What’s Driving Post-COVID Hiring – Minimum Age or Minimum Wage?
Without a doubt, the pandemic has turned a lot of the established workforce planning orthodoxy on its head. “Things will never be the same” say pundits as we return to a new normal. Many changes wrought by the rapid onset of the pandemic are likely to remain. Work from home options will likely remain at much higher levels even once offices are fully reopened. Virtual business meetings and conferences are probably here to stay too. Perhaps one of the most significant shifts is in wages and labor utilization. As economies reopen, hiring has been more difficult than expected. What’s driving this dynamic?
Most notable in hospitality and service jobs, but elsewhere as well, labor is exerting its muscle as workers slow-walk a return to low wage roles. Pressed for staff, hiring organizations are lowering their age requirements filling gaps with teenage workers. The common narrative about the sluggish return of the workforce is that extended state unemployment benefits depress the appetite of service workers to return to lower wage jobs. However, there’s evidence this may not be the real reason.
The Washington Post reports as some states cut supplemental unemployment benefits earlier than federal guidelines dictate, they are not seeing the flood of workers returning to low wage positions as their state legislatures had predicted. The Washington Post found that small restaurants and hospitality businesses in states such as Missouri, which ended the extra unemployment benefits early, did not see an immediate spike in overall hiring. However, they did see “a jump in hiring of workers over age 25”. However, the Post’s research also found, “the uptick in hiring of older workers was roughly offset by the slower hiring of teens in these states. In contrast, restaurants and hospitality businesses in states such as Kansas, where the full benefits remain, have been hiring a lot more teenagers who are less experienced and less likely to qualify for unemployment aid.”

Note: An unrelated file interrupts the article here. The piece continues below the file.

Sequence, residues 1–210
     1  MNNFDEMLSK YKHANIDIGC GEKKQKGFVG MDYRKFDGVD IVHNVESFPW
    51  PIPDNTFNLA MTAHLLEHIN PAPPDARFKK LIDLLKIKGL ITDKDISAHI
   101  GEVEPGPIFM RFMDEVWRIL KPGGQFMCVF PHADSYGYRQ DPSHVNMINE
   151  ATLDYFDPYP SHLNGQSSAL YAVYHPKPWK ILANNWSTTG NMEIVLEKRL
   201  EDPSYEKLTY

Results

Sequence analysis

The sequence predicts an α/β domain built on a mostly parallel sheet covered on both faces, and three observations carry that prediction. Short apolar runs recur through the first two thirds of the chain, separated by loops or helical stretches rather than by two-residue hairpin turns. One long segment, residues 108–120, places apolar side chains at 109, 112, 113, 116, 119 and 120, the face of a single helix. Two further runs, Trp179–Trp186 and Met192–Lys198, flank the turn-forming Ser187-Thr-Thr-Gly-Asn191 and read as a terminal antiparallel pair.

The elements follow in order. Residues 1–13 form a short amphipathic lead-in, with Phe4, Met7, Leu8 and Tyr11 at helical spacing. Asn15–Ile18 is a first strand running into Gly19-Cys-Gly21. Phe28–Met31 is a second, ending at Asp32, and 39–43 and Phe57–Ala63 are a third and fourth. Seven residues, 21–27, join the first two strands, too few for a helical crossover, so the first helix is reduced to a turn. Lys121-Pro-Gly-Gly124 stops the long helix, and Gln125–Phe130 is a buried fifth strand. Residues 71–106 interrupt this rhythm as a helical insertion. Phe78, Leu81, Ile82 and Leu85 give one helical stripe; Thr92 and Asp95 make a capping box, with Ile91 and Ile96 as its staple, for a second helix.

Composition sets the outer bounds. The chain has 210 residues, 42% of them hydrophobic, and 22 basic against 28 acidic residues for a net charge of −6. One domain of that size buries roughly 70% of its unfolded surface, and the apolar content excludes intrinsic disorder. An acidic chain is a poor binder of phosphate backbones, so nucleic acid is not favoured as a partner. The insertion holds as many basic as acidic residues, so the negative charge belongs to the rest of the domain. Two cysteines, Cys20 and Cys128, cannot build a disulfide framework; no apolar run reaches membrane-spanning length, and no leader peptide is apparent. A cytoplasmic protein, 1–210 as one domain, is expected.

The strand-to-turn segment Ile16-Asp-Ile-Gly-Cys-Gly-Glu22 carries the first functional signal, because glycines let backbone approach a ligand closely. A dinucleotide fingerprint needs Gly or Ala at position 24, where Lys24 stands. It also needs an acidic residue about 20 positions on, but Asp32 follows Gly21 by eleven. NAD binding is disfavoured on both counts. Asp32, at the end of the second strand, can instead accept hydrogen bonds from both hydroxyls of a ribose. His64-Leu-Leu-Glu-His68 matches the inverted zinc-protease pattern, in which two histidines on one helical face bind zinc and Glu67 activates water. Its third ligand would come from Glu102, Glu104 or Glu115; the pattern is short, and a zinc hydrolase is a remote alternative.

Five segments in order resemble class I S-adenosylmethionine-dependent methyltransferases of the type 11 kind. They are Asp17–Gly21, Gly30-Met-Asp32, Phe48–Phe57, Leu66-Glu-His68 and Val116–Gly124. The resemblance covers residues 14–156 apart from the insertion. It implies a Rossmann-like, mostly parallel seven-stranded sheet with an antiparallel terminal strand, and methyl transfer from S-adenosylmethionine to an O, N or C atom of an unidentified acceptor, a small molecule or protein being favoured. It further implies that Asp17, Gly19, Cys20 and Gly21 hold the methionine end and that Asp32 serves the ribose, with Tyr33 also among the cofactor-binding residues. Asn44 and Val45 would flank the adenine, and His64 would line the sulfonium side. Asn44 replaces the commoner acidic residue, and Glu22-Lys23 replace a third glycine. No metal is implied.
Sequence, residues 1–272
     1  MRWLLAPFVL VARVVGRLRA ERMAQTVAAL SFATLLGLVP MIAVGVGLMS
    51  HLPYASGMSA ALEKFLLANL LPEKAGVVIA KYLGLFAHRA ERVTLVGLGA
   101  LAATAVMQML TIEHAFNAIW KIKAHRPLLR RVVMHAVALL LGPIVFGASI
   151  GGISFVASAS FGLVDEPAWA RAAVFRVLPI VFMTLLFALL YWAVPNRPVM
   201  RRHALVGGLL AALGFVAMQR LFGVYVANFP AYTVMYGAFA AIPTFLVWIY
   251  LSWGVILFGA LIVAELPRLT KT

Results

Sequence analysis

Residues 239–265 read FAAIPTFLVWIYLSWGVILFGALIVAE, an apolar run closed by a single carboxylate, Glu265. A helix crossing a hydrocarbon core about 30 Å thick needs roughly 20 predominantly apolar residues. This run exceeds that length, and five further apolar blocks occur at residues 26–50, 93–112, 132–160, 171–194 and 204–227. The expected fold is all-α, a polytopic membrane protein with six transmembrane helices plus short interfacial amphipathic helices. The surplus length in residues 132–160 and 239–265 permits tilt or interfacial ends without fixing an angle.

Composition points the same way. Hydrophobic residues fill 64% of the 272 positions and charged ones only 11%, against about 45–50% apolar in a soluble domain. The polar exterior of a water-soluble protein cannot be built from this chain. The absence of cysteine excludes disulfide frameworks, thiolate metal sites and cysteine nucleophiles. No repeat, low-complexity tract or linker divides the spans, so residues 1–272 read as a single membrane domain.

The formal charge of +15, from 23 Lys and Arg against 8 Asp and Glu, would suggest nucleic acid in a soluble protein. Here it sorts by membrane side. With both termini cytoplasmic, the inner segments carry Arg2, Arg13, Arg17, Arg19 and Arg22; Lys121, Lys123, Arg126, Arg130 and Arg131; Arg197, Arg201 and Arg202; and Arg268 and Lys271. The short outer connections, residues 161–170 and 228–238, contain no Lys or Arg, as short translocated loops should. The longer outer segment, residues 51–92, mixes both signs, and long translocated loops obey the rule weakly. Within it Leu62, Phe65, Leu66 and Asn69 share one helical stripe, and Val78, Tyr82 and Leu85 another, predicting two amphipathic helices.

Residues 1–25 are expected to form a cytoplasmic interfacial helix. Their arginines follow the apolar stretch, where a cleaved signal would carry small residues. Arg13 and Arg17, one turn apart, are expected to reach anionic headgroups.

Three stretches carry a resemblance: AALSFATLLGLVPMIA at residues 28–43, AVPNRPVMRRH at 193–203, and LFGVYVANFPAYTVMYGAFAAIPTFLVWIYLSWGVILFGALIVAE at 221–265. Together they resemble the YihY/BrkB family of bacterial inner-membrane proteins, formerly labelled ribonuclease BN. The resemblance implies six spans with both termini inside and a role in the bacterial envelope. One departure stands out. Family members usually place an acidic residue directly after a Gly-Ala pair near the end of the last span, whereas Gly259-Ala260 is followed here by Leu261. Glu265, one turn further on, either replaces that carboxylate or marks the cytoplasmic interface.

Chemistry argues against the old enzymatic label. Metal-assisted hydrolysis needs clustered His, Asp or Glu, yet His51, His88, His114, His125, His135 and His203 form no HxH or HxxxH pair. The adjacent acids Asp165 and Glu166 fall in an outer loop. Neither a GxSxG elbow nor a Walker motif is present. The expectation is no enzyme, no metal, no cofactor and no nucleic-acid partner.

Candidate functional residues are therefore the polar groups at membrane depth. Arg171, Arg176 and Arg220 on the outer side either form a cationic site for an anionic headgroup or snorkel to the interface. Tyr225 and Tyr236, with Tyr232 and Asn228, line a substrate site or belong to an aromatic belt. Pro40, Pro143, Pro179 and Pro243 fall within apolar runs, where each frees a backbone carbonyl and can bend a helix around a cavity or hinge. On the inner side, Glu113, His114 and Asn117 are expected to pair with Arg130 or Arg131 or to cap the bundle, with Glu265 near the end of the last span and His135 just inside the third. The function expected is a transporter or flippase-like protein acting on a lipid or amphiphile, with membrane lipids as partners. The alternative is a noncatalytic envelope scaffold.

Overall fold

Hiring teenage workers is not a sustainable hiring practice despite the willingness of America’s youth to accept these lower-wage roles. Workforce management experts point out that in the fall, once young people return to school, they will not be as readily available to work. The tightening supply of teens will again expand the demand for adult workers and drive their value higher.
A better measure of what is driving the return of workers to service and non-skilled roles seems to be the grudging (and tacit) acknowledgement among employers, that pay scales at the bottom have been artificially depressed for a long time. Indexed to inflation and productivity increases between 1968 and 2021, the minimum wage today would be around twenty-five dollars per hour. While very few businesses are offering that as a starting pay rate even in today’s environment, the ones currently reporting greater success enticing workers back to the job are offering starting wages of fifteen dollars or more.
Associated Press reports, “Businesses, particularly in the restaurant, retail and travel industries, have been offering a $15 wage to try to fill enough jobs to meet surging demand from consumers, millions of whom are now spending freely after a year in lockdown.” Online job site ZipRecruiter tells the AP the number of job postings on their site advertising staring wages of $15 an hour has more than doubled since 2019. This increase is also paired with more jobs offering 401(k) retirement accounts, flexible scheduling, signing bonuses and other benefits.